By Chaz Kangas
By Sound of the City
By Peter Gerstenzang
By Katherine Turman
By Chris Kornelis
By Brian McManus
By Ray Cummings
By Nicholas Pell
Given the rather dubious quality of R.E.M.'s recorded output over the past decade and a half, Collapse Into Now—the title of the alt-rock lifers' 15th studio disc—doesn't inspire a great deal of hope. Collapse Into Then? Promising. Collapse Into Yesterday? Even better. Collapse Into the Five-Year Period Beginning with Murmur and Ending with Green? Shit, I might buy a T-shirt.
Then again, that last record's already been released this year, hasn't it? With its jangly indie-roots arrangements and oblique lit-major poetics—not to mention several appearances by guitarist Peter Buck himself—the Decemberists' The King Is Dead neatly reconstructed R.E.M.'s fabled era for kids whose idea of an alt-rock lifer is Conor Oberst. (In a measure of its youth-market appeal, King debuted atop the Billboard 200, a feat no R.E.M. album has pulled off since Monster, and which Collapse Into Now is unlikely to repeat next week against a new Glee set and the latest from Avril Lavigne.)
So you can understand the band's commitment to the present here: Wisdom and experience are more or less what R.E.M. have to offer at this point, and though 2008's fast-and-loud Accelerate mustered a sense of propulsion they'd been lacking for years, it also carried a whiff of desperate self-denial. I harbor zero desire for another trip Around the Sun, but R.E.M. in cred-restoring apology mode seems like no less of a bummer to me—especially when it means we have to listen to Michael Stipe wonder, as he did in Accelerate's "I'm Gonna DJ," "If heaven does exist with a kickin' playlist."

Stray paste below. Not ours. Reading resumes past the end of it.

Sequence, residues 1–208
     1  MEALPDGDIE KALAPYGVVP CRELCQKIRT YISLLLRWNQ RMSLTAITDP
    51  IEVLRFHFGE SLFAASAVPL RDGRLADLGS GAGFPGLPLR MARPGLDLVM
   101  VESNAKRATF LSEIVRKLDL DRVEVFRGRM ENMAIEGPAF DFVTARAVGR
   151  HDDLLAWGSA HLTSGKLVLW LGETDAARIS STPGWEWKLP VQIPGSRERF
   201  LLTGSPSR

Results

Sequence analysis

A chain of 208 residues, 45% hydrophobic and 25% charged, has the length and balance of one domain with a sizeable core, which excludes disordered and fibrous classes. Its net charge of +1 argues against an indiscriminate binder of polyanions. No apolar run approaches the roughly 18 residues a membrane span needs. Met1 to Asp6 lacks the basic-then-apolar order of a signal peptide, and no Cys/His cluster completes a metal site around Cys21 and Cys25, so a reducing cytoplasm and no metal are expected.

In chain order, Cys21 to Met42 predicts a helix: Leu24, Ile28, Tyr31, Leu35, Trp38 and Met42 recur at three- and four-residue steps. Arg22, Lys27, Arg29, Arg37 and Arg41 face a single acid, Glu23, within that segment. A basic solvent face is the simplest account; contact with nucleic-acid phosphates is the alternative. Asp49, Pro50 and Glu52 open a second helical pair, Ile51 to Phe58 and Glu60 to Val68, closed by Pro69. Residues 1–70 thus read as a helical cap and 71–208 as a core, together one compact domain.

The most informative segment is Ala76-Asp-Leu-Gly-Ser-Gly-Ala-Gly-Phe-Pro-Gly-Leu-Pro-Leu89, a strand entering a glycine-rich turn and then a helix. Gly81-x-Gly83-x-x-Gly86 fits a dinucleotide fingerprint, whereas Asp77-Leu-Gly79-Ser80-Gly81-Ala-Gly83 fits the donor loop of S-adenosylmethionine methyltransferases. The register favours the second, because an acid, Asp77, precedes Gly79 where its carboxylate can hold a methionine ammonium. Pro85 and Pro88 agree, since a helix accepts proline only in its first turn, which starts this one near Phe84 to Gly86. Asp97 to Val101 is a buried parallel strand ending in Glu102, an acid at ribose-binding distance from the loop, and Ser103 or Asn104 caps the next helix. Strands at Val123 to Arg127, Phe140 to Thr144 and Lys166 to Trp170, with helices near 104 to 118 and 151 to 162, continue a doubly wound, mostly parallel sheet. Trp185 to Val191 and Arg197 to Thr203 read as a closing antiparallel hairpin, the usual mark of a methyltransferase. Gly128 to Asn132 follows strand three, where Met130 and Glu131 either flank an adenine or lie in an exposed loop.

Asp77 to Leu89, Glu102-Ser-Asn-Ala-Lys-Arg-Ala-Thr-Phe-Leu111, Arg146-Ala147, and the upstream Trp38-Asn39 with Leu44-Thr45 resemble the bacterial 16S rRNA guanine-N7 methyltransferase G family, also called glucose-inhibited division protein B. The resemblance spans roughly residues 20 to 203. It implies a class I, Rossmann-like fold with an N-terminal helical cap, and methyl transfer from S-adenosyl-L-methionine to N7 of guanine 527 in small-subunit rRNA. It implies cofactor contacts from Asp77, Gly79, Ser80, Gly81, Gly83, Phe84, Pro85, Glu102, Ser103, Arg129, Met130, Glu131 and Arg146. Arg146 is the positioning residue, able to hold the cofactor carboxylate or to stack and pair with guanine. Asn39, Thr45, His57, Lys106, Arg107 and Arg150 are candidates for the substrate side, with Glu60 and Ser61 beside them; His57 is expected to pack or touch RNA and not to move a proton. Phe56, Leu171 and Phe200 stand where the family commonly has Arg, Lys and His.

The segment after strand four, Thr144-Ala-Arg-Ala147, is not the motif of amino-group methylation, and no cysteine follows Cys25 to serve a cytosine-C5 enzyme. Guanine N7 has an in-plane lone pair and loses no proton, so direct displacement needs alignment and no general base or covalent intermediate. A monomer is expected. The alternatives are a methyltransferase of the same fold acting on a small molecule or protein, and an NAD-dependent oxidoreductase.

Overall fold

Collapse Into Now contains a handful of revved-up rockers, including opener "Discoverer" and "Mine Smell Like Honey," the latter of which might be the crunchiest R.E.M. single since "What's the Frequency, Kenneth?" "Alligator Aviator Autopilot Antimatter" even features a left-field cameo from Peaches, who contributes demented-cheerleader backing vocals over Lenny Kaye's guest guitar jabs. Yet those cuts are surrounded by more contemplative numbers like "Überlin," a mandolin-equipped acoustic jam à la "Drive," and "Oh My Heart," a lovely meditation on post-Katrina New Orleans with horns by that city's Bonerama. (There's a band name without which no kickin' playlist is complete.) Taking advantage of a much broader sonic palette than the one he utilized on Accelerate, Buck unravels some gorgeous chamber-psych arpeggios in "Every Day Is Yours to Win" and fills "Me, Marlon Brando, Marlon Brando and I" with the kind of open-space twang he perfected on New Adventures in Hi-Fi. When Eddie Vedder shows up and does his compassionate-caveman thing on "It Happened Today," you can hear the presence of an avowed R.E.M. heir driving Buck and multi-instrumentalist Mike Mills to strum harder.
That refreshed energy is what distinguishes Collapse Into Now from Reveal and Around the Sun. But what makes this record better than Accelerate is the feeling that R.E.M. have figured out how to be R.E.M. again—how to affect the signature balance of folky and punky that's inspired bands far less worshipful than Pearl Jam or the Decemberists. Mission nearly accomplished, they do wash out into sound-hound tedium in closer "Blue," which not even Patti Smith can save from Stipe's sub-Beat spoken-word nonsense. When it's over, though, they wisely circle back for a brief coda from "Discoverer," driving home a message that the rest of Collapse Into Now delivers with understated grace: We went back to Rockville. It was OK. Now let's go somewhere else.